If you’re not interested, here’s a good response:
“Hi [Name], Thank you for your message. I’m happy in my current role so I’m not looking for a new position at this time. Best, [Your Name]”
On the other hand, here’s how to respond to a recruiter email if you’re interested in their role:
“Hi [Name], Thank you for your message. I would be interested in finding out more about the position and wonder if you would be free for a call to discuss it over the next few days? I am free [insert suitable times and dates]. Regards, [Your Name]”
What else do you need to know about how to respond to a recruiter email?
Before you become paralyzed with anxiety about how to respond to a recruiter email, keep one thing in mind: every single one of these contacts represents an opportunity to reinforce that positive first impression you’ve made with the company’s hiring personnel.
Most of these messages provide an opportunity to start or continue your conversation with the company’s representatives. With that in mind, try to maintain your optimistic outlook and simply respond in the most straightforward manner possible. Above all else, respond promptly and professionally. Don’t worry that an immediate response might be seen as a sign of desperation - it’s much more likely to be perceived as a sign of interest.
Respond with the requested details, thank the recruiter for the contact, and then wait for the next reply. Once you learn how to communicate with a recruiter in a clear and simple way, you’ll wonder why these types of contact ever made you nervous in the past!
Bonus: working with a recruiter can get your resume directly into the hands of an employer. Zipjob’s team of professional resume writers knows how to highlight your experience and skills to impress employers.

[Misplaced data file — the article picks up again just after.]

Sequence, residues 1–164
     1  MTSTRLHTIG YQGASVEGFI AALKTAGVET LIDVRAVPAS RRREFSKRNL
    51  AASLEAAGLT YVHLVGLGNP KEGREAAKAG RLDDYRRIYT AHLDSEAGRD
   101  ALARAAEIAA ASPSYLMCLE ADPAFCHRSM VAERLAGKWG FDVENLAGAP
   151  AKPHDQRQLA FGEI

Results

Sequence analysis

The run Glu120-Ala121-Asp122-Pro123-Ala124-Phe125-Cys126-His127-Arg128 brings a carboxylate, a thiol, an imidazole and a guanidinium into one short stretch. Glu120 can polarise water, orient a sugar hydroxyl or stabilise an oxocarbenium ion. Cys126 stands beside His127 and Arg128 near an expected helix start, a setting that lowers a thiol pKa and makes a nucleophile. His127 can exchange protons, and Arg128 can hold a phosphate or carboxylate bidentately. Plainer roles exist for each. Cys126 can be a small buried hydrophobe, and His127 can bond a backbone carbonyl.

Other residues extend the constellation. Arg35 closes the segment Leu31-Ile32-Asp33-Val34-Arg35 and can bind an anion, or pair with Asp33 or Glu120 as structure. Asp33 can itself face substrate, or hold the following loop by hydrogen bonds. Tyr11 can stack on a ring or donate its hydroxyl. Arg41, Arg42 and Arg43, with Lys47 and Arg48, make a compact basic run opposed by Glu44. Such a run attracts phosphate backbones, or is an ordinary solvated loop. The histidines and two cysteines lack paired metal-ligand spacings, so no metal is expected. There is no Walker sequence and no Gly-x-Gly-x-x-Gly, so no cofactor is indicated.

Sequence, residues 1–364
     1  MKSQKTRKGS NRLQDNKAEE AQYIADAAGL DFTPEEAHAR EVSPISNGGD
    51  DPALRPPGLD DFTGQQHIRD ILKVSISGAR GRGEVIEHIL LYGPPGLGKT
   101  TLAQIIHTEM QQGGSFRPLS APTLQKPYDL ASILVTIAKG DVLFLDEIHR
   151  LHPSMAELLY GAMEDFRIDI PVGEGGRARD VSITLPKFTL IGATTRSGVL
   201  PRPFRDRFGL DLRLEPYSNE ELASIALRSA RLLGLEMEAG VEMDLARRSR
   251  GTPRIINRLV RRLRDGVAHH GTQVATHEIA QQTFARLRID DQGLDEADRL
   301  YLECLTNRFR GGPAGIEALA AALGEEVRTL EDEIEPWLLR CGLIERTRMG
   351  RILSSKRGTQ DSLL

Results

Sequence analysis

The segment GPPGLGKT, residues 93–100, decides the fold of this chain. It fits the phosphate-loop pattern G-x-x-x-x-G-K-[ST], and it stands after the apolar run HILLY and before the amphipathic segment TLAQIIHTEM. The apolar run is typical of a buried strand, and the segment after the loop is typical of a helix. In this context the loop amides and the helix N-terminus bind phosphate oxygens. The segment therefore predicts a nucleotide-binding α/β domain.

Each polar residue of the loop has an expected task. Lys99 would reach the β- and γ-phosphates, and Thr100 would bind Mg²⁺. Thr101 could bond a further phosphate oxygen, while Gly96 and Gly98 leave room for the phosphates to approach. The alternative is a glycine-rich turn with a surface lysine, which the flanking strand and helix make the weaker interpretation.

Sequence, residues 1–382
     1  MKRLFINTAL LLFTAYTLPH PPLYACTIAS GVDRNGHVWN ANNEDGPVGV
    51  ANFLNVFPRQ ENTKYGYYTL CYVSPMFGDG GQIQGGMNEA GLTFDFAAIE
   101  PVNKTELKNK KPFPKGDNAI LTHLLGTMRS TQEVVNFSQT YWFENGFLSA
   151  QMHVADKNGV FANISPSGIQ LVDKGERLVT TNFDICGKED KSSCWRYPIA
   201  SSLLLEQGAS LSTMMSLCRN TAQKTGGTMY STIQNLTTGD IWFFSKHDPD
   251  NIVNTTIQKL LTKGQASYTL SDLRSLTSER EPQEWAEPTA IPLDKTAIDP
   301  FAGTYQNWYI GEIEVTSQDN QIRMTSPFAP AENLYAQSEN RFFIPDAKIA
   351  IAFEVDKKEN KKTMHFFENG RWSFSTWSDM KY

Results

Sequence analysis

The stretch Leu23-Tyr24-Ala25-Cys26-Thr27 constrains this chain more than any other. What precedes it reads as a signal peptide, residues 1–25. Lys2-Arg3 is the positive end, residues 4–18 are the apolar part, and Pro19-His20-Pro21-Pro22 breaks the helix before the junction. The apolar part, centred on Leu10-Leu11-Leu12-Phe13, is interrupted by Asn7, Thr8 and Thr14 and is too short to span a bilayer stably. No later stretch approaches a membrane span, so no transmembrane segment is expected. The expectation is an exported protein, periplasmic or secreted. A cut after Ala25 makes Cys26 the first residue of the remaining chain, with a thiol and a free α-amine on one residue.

Responding to recruiters will soon come naturally!
This aspect of job hunting doesn’t need to be scary! Recruiters are just people–albeit people who can open doors for you. Once you’ve identified why a recruiter is contacting you, the email templates on this page explain how to respond to a recruiter email with clarity and professionalism.
Not getting the emails from recruiters that you were hoping for? Why not send your resume for a free resume review to make sure that you’re truly putting your best foot forward?
Good luck with your job search!
Jen David, Editor & Content Writer, Jen David, Editor & Content Writer
Jen David has been writing CVs since 2010 and is the founder of CV Shed. She has worked with clients in numerous industries and at all stages of their careers, from students through to senior executives of global businesses. She loves producing polished, focused CVs that appeal to both human recruiters and applicant tracking systems, enabling her clients to take the next step in their careers. Jen has written and edited numerous articles for publication on industry-leading job boards.